With the aid of a loud speaker, Kayemba Stephen’s voice booms out above the noise of the traffic and bustle as people make their way to work in this busiest part of Uganda’s capital, Kampala.
“Receive Jesus today!” the preacher, known on the streets as Sulphur Teacher, urges passers-by with a swagger as if he believes everyone is closely listening to what he has to say.
Some hurry on, others stop and stare, and enthusiasts join in, shouting “hallelujah” and “amen” in response.
His work – as well as that of the many other street evangelists – has been the subject of debate in the city, as the authorities have proposed ways to tidy up the capital.
Auma Laura, another member of this group, takes up the microphone, praying and speaking in tongues.
There is a rasping quality to the 28-year-old’s voice as if the daily hour of preaching is catching up with her.
But the young woman, who works in customer relations in a bank, is not deterred.
“I see God using me. I see myself praying for the sick and they get healed, so I cannot stop now,” she tells the BBC.
“Uganda is for God,” the preachers declare as some kneel down in fervour.
Others come forward to be blessed.
Uganda is a deeply religious country and last month, when senior Kampala official Hudu Hussein was reported to have said that the missionaries had a month to leave the streets, there was an outcry.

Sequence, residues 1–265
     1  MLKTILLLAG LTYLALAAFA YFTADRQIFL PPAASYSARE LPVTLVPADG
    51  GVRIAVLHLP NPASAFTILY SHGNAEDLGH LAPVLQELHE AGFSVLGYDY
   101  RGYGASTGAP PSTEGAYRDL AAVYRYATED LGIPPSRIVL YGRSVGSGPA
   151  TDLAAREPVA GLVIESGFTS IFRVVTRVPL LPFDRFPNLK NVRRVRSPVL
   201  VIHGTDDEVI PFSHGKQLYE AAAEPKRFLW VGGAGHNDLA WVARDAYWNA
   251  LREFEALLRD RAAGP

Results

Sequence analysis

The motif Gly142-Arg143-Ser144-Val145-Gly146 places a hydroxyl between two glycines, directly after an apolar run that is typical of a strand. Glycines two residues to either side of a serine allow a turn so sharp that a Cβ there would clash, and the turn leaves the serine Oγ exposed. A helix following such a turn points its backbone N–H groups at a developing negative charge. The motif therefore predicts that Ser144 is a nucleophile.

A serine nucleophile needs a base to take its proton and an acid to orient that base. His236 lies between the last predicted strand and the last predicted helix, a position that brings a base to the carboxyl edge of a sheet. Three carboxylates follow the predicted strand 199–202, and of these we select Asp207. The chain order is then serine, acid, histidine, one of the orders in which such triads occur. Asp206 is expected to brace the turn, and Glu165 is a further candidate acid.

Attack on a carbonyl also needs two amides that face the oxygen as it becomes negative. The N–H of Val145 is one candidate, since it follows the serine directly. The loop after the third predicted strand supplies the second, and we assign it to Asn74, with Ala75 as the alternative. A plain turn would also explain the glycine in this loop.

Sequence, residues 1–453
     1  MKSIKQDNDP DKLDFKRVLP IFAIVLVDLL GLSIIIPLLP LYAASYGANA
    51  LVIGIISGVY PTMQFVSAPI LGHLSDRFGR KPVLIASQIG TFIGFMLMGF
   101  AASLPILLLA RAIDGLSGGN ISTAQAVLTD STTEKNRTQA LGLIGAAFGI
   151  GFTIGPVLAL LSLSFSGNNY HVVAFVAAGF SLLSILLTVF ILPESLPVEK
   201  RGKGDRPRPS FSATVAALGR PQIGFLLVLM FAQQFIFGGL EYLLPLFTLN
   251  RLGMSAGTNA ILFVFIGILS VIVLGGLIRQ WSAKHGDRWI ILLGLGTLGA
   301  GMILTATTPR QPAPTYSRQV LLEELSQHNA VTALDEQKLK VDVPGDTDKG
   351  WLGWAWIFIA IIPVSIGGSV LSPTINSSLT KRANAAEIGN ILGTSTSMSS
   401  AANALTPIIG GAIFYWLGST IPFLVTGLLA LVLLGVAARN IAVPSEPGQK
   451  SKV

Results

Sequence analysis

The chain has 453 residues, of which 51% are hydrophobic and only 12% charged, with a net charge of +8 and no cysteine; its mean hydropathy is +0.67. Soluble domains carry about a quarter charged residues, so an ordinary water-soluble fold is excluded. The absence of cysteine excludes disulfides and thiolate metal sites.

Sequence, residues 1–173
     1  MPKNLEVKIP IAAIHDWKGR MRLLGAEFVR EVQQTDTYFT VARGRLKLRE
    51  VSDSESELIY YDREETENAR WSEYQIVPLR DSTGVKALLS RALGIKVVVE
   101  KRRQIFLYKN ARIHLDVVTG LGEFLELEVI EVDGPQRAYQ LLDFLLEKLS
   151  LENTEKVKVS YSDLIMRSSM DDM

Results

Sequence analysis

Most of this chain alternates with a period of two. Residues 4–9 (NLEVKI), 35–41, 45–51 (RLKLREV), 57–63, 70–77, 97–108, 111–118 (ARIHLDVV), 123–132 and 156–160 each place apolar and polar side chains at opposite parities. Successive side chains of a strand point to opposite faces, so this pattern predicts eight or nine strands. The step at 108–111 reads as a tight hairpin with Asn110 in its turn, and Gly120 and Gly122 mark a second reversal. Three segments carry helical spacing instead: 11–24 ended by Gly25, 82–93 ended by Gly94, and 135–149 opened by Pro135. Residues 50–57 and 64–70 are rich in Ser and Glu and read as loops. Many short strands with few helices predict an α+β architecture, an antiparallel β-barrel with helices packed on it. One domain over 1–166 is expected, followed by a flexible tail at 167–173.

He later said he was misquoted and did not wish to “make war with God”. But he wanted preachers not to harass people in their vehicles “or erect loud speakers where their voice would be enough”.
But it is unlikely that the city’s street clergy will be put off.
“I love the streets, I love engaging people. We have been doing this every morning since 2 January, and we hope to carry on throughout the year,” says Janet Musisi, who co-ordinates this group.
Computer engineer Pius Eritu, 28, has been, in his words, “winning souls” on the streets for the past three years.
A few people are rude, but he has learned to ignore the negatives and carry on, he says.